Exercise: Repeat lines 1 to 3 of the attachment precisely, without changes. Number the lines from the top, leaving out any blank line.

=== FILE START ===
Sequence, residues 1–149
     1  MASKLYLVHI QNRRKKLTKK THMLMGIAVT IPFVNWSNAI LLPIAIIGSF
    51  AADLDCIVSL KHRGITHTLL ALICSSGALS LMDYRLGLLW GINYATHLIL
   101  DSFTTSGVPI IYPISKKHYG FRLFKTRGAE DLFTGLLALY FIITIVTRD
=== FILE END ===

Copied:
Sequence, residues 1–149
     1  MASKLYLVHI QNRRKKLTKK THMLMGIAVT IPFVNWSNAI LLPIAIIGSF
    51  AADLDCIVSL KHRGITHTLL ALICSSGALS LMDYRLGLLW GINYATHLIL